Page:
Ecology And Environment
dust in environment

Dust and other Environmental Pollutants

dust in environment
Effie Moore Salem's image for:
"Dust and other Environmental Pollutants"
Caption: dust in environment
Image by: Lampy
© creative commons www,

Particulate pollutants are minute fragments of matter that swirl around in the air. In easy speak, as opposed to environmental jargon, particulate pollutants are air borne trash. The windier the weather, the more swirling and swishing these traveling bits of wood, dirt, soot, chemicals and all other flotsam and jetsam do. Eventually it lands somewhere under its own weight or the lowering of the force of the air.

We breathe in the lighter particulates, the ones most harmful to humans and livestock. This accounts for airborne diseases such as tuberculosis and numerous ailments labeled under the acronym COPD. (Chronic Obstructive Pulmonary Disease.)

Individually particulate pollutants are smog, lead, soot, carbon monoxide, carbon dioxide, sulfur dioxide. Smog is a combination of smoke and fog; or dirty air that can be seen. Nothing much can be done about fog but mix that with smoke and you have a dirty haze that lingers in the air above, below and all around houses, trees, factories and busy thoroughfares. Breathing in heavy air is often a challenge. The Clean Air Act of 1970 has helped but amendments in 1977 and 1990 pushed on into the future deadlines for compliance. This is understandable since jobs and the economy came first but isn't it about time we say enough is enough?

Particulates are mainly those minute bits and scrapes of earthy trash that circulate in the air. They are surrounded by the gaseous elements that contribute to disease and dirty air such as carbon monoxide, carbon dioxide, nitrogen dioxide, sulfur dioxide. Particulates are opaque bits of matter that lodge in lungs and cause cancer, get ingested and cause intestinal problems and are associated with many other disease processes.

Their size determines in what category they are scientifically classified. The smaller, the greater health risk says the experts at NAAQS (National Ambient Air Quality Standards). Four classes are assigned to their descriptions: "TSP (total suspended matter), to PM-10, particles less than 10 microns in aerodynamic diameter, to PM-2.5, particles less than 2.5 microns." Breathing is difficult when the air is heavy with these particles of matter and when they are ingested or breathed in, then the body has problems assimilating them into the system and this cause medical problems.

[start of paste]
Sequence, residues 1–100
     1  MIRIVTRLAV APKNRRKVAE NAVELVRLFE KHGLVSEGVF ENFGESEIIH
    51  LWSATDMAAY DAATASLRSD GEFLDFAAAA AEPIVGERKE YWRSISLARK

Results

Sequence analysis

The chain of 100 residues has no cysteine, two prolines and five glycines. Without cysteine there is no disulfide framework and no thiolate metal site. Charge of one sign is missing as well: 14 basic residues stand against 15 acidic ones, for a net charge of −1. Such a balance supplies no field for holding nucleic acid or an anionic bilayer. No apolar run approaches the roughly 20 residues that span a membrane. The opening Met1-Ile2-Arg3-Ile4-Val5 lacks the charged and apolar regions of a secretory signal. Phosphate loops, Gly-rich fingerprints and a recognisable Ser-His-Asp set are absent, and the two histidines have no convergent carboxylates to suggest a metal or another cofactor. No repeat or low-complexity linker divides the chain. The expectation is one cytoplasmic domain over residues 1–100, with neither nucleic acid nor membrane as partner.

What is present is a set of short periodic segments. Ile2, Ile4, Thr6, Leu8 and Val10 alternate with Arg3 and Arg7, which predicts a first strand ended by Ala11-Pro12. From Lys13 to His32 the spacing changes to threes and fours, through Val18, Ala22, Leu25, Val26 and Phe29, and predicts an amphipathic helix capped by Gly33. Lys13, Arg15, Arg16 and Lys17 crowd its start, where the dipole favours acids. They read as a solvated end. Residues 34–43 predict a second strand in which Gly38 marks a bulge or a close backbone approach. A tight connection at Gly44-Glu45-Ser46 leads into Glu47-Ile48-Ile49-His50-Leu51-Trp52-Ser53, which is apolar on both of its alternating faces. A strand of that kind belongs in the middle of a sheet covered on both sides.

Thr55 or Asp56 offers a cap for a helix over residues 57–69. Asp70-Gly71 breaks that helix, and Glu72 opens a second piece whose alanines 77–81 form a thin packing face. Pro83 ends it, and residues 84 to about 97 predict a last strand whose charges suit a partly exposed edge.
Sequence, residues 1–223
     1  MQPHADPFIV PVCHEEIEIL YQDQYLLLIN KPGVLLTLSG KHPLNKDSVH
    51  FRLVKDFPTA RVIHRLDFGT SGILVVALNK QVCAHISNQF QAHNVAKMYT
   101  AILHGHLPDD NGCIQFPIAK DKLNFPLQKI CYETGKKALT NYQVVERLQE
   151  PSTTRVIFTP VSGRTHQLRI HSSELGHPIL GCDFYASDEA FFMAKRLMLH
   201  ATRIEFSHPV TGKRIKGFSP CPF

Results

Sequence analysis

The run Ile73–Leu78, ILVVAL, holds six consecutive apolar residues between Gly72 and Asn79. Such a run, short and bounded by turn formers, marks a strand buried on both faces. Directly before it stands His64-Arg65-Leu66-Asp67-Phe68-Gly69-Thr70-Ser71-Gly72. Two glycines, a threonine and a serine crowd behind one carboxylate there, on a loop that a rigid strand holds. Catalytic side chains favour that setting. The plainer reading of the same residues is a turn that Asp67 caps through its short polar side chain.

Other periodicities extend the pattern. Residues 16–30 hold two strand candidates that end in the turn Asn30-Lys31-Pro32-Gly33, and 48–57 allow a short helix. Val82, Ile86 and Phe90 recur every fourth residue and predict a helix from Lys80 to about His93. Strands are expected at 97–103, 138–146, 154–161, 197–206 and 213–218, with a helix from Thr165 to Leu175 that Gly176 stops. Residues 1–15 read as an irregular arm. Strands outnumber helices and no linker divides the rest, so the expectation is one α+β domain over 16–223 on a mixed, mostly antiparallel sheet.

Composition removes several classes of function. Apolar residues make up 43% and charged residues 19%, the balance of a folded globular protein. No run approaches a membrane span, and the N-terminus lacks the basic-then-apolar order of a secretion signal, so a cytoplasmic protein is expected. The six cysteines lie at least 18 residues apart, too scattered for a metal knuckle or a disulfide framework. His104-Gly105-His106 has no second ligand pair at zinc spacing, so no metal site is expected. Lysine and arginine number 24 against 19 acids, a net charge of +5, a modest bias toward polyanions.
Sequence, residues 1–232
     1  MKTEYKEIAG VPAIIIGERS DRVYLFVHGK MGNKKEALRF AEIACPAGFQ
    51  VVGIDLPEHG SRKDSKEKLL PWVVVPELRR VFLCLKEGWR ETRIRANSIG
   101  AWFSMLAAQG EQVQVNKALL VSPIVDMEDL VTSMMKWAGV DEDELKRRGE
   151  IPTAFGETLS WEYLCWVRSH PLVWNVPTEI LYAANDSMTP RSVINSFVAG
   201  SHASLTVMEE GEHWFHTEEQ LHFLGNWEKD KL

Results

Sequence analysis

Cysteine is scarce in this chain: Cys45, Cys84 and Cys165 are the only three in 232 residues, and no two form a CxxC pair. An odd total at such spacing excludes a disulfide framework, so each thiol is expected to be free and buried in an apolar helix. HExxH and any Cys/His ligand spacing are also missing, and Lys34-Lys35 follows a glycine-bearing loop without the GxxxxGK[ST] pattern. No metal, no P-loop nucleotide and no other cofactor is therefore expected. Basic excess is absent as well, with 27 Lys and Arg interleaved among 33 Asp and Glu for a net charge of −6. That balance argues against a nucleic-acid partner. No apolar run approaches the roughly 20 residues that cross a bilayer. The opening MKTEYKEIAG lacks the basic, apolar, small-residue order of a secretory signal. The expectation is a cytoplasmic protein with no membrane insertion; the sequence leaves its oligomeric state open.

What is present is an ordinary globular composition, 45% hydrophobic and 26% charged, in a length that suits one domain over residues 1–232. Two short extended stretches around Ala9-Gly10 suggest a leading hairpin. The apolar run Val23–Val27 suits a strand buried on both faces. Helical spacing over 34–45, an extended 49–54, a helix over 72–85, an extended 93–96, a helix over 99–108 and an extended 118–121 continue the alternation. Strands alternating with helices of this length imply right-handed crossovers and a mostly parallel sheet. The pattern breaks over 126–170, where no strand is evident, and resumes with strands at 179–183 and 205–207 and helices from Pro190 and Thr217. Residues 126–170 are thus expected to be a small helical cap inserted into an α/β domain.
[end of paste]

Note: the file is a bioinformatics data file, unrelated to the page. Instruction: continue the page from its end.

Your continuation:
Allergic reactions foul up of immune systems, lung tissue damage and my unreported or undetected conditions arise from these foreign particulates when they attempt to make their way in the human body. In the blood stream they also wreak havoc. Children, as one example, with sensitive pulmonary systems cannot tolerate these intrusions and Asthma attacks result. Masks are often needed when these children are outside in heavier than usual air.

Further explanations of particulate matter must include how the air gets to be as dirty as it is. Smoke from smokestacks either in factories or in homes that burn coal and wood pollute the air and these are readily seen. Some of this is necessary since homes need heat and factories need to produce what a needy world demands. What the Clean Air Act attempts to do is not to find alternate sources of energy, they decide on the limits. The perpetrators are expected to conform to their regulations.

Therefore, hopefully and in the best of worlds, alternative fuel supplies will be utilized. And this is being done but slower than what is needed. Time is needed to undo the air pollution that took centuries to create. Some of it is unavoidable such as natural disasters that pollute the air.

But with enforced regulations and responsible regulators and responsible citizens much will be accomplished. It is indeed hard to see this on a personal country by country, state by state, city by city problem. Each has their own slice of the money-making pie and they resist efforts to conform. Yet, with diligent effort and working within their confines, much can be done.

To explain even further the above statement: Some areas have more sunshine therefore they are expected to go solar; others have more water ways and they should involve themselves in utilizing this as energy sources, some places are mountainous and have wonderful sites for partially underground home building where temperatures are normally not too hot nor too cold.

When coal must be burned, how about adequate filtering systems to eliminate much of the pollutants if this are possible. Or burn the coal in enclosed environments and transfer the heat. In other words adapt to the surroundings in the most environmentally friendly manner possible.

Whatever and however we clean up the environment we cannot allow trash to do us in. The larger particulate pollutants that are magnified such as landfills are also being utilized as part of the solution and are becoming less of a problem. In some places the methane that is produced by decaying particulate pollutants that are manmade is being used to produce energy.
It is comforting to watch a society that is down to the last straw find new ways of making old things new again. Who else can save us but dedicated humans bent on restoring the earth to a more pristine quality. They have everything at their disposal for a better world - a creator who is perfection Himself ready to direct and to pass out assignments, worlds of opportunities, and scientific knowledge that can indeed move mountains and with foresight can rid the air of particulate pollution.

More about this author: Effie Moore Salem

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